Teachers’ union officials in California have backed away from their push to mandate collective bargaining for charter school employees. Instead, they have thrown their support behind compromise legislation that would formalize the employees’ rights to seek union representation or negotiate their own contracts.
The bill would largely uphold the way charter schools in California already do business: About half the state’s 156 charter schools use collective bargaining, while the remaining schools choose to negotiate independently with their employees. The measure passed the Assembly, the legislature’s lower house, by a vote of 55-18 on June 4. The Senate is expected to take it up in the coming weeks.
After mobilizing to fight an earlier version of the legislation that would have required that all charter school employees abide by contracts negotiated by unions’ local collective-bargaining units, advocates for the independently operated public schools say they are relieved. (“Bill Would Order Collective Bargaining in Calif. Charters,” May 19, 1999.)
“We have a very strong charter school law that really didn’t need fixing,” said Sue Bragato, the executive director of the California Network of Educational Charters. “But our hope is that we created something that the unions can live with, and that they’ll go away.”
One provision in the bill would require that charter schools officially declare to the state that they are public school employers, separate from their local districts, if they want freedom from collective-bargaining requirements. Such a designation would need to be made by March 31 of next year.
Union officials also said they were pleased with the compromise and emphasized that they are not foes of charter schools.
The California Teachers Association, the state affiliate of the National Education Association, simply wanted to ensure that charter school employees are never denied the right to organize, said Michael Myslinski, a spokesman for the state union.
“Teachers in charter schools should be able to bargain collectively for the same rights and protection that regular teachers enjoy,” Mr. Myslinski said. “This assures that teachers have the right to organize.”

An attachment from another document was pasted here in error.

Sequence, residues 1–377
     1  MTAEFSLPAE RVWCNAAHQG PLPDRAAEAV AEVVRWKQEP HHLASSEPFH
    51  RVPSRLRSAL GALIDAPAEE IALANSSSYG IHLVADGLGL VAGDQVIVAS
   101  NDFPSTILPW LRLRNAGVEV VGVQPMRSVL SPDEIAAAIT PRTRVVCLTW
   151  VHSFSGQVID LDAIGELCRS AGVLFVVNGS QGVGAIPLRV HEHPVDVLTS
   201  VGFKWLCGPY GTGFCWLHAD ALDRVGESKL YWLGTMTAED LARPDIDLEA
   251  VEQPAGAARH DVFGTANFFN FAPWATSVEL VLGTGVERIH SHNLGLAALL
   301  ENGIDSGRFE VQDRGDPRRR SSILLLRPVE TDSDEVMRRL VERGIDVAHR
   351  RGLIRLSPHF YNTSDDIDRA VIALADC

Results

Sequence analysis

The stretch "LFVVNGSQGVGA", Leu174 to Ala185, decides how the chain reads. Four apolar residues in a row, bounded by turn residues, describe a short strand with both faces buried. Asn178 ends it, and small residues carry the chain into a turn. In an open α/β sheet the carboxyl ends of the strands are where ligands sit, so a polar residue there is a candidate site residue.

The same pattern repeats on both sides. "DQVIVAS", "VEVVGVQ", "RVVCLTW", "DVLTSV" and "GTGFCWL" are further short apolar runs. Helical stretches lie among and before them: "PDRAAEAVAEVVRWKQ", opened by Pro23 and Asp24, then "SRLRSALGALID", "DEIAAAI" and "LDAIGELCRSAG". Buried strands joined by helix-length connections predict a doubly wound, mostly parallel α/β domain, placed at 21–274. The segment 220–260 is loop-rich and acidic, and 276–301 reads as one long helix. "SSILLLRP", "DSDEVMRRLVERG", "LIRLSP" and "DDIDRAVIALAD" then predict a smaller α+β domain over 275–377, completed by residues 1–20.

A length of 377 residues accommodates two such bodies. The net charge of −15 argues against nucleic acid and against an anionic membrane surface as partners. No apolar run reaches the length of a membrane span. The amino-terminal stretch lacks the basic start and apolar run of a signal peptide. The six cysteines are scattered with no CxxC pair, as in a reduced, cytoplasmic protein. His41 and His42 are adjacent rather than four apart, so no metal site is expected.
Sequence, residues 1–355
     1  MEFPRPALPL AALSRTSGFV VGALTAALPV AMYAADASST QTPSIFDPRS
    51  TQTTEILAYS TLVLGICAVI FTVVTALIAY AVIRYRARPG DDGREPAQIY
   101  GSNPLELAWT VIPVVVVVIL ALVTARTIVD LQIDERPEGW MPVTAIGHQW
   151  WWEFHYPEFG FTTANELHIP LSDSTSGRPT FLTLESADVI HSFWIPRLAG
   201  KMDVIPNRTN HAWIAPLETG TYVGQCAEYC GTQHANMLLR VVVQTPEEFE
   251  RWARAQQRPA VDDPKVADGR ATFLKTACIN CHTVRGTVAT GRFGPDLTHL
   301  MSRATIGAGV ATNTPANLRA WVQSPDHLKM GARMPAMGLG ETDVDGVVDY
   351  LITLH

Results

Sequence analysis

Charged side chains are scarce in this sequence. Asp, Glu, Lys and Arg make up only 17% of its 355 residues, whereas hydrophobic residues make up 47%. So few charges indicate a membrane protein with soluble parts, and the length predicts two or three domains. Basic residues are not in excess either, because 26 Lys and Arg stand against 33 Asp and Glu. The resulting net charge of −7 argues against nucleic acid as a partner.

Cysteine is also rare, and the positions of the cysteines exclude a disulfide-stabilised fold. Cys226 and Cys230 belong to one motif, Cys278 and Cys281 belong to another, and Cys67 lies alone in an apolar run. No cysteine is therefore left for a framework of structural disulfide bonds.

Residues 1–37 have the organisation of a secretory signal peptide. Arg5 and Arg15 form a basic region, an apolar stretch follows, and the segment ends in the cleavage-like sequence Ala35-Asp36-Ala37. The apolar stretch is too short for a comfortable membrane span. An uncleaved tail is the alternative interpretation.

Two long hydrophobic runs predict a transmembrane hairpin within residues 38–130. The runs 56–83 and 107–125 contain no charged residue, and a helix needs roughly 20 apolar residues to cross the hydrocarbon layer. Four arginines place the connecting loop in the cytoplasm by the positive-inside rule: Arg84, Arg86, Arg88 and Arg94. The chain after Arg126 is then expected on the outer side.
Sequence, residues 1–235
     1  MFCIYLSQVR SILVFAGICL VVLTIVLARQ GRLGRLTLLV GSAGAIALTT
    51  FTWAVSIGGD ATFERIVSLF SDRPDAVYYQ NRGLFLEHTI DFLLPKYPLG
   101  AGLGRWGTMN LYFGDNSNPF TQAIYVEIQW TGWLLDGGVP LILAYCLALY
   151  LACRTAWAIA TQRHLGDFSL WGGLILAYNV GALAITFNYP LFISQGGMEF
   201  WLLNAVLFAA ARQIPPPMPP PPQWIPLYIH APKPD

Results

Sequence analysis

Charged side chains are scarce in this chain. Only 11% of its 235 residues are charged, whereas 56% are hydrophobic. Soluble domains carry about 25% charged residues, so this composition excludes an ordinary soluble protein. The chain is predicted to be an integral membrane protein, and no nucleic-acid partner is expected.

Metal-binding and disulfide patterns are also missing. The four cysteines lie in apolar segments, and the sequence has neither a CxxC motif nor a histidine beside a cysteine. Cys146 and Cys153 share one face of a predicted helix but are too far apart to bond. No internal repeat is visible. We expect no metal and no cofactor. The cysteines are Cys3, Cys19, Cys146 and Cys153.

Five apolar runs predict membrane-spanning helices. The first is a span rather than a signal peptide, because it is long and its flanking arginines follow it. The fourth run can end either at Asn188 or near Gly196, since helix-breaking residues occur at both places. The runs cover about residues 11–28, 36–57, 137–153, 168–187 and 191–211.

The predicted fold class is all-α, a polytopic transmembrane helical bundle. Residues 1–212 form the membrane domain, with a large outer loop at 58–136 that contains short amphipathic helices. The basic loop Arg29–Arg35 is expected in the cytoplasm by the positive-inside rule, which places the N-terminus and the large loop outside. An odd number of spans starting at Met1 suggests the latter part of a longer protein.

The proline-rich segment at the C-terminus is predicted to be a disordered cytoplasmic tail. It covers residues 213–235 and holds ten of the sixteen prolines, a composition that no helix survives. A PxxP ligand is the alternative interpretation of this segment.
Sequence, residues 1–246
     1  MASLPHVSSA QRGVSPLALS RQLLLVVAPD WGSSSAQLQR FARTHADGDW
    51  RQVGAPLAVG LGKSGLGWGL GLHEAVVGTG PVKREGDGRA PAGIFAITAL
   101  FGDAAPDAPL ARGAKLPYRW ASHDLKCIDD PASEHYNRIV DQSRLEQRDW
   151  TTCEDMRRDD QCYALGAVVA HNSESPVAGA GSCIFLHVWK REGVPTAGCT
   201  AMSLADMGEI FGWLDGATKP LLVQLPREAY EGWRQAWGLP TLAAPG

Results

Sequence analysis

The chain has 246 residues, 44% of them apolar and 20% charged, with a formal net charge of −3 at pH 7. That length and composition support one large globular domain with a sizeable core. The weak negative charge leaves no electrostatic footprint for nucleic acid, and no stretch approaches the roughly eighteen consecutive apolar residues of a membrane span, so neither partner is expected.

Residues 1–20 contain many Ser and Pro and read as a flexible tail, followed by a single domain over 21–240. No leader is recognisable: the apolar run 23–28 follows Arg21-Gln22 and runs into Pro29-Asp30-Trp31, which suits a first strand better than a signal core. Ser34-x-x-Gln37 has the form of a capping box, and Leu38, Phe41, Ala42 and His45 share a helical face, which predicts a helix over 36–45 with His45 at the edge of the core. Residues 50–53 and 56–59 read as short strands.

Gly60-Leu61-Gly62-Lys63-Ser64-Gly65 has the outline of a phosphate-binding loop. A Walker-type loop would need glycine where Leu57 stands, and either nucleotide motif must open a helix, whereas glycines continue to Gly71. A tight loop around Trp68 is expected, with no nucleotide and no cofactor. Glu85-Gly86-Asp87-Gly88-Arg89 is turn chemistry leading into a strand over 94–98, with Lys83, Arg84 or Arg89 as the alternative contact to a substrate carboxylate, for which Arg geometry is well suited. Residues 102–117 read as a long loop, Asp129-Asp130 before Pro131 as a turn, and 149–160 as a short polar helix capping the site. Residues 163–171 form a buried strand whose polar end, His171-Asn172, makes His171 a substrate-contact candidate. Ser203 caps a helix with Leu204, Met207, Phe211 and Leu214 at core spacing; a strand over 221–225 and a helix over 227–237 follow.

That charter advocates were able to strike an agreeable compromise with the powerful unions demonstrates their growing political clout, said Gerald C. Hayward, a co-director of Policy Analysis for California Education, a think tank at the University of California, Berkeley, and Stanford University.
Still, California’s charter school advocates continue to face legislative challenges. Late last week, lawmakers were debating a provision of the Senate’s version of the pending state budget bill that would effectively eliminate state funding for schools in which instruction is conducted primarily through distance learning or independent study.
If it were included in the final version of the budget legislation, the 44 charter schools that use such methods, many of which serve home-schooled students, “would all of the sudden, out of the blue, have to shut their doors,” said Dave Patterson, the director of government relations for the California charter school network.
“There is a lack of understanding about the value of these programs and a lack of understanding about how they work,” Mr. Patterson said.
The two Republican minority members of the six-person budget conference committee now considering the fiscal 2000 state budget have indicated that eliminating the provision is a top priority, said Michael Genest, the director of the Senate Republican Fiscal Office.
The Democrats on the committee “want to ensure that this is not opening the door to the abuses we have seen in independent study,” said Jai Sookprosert, an education consultant to the appropriations committee. Lawmakers are expected to reach an agreement on the budget language this week.
A version of this article appeared in the June 16, 1999 edition of Education Week as Calif. Deal on Charter Unionization Moves Forward